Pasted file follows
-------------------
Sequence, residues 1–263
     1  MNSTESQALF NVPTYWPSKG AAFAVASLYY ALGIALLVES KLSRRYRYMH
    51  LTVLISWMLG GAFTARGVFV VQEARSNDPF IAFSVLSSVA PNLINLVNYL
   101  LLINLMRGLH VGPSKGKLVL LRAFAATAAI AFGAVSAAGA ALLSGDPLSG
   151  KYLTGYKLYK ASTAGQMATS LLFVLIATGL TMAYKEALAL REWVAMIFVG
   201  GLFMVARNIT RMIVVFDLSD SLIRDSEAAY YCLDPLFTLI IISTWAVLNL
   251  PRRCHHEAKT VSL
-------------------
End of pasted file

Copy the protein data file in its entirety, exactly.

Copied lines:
Sequence, residues 1–263
     1  MNSTESQALF NVPTYWPSKG AAFAVASLYY ALGIALLVES KLSRRYRYMH
    51  LTVLISWMLG GAFTARGVFV VQEARSNDPF IAFSVLSSVA PNLINLVNYL
   101  LLINLMRGLH VGPSKGKLVL LRAFAATAAI AFGAVSAAGA ALLSGDPLSG
   151  KYLTGYKLYK ASTAGQMATS LLFVLIATGL TMAYKEALAL REWVAMIFVG
   201  GLFMVARNIT RMIVVFDLSD SLIRDSEAAY YCLDPLFTLI IISTWAVLNL
   251  PRRCHHEAKT VSL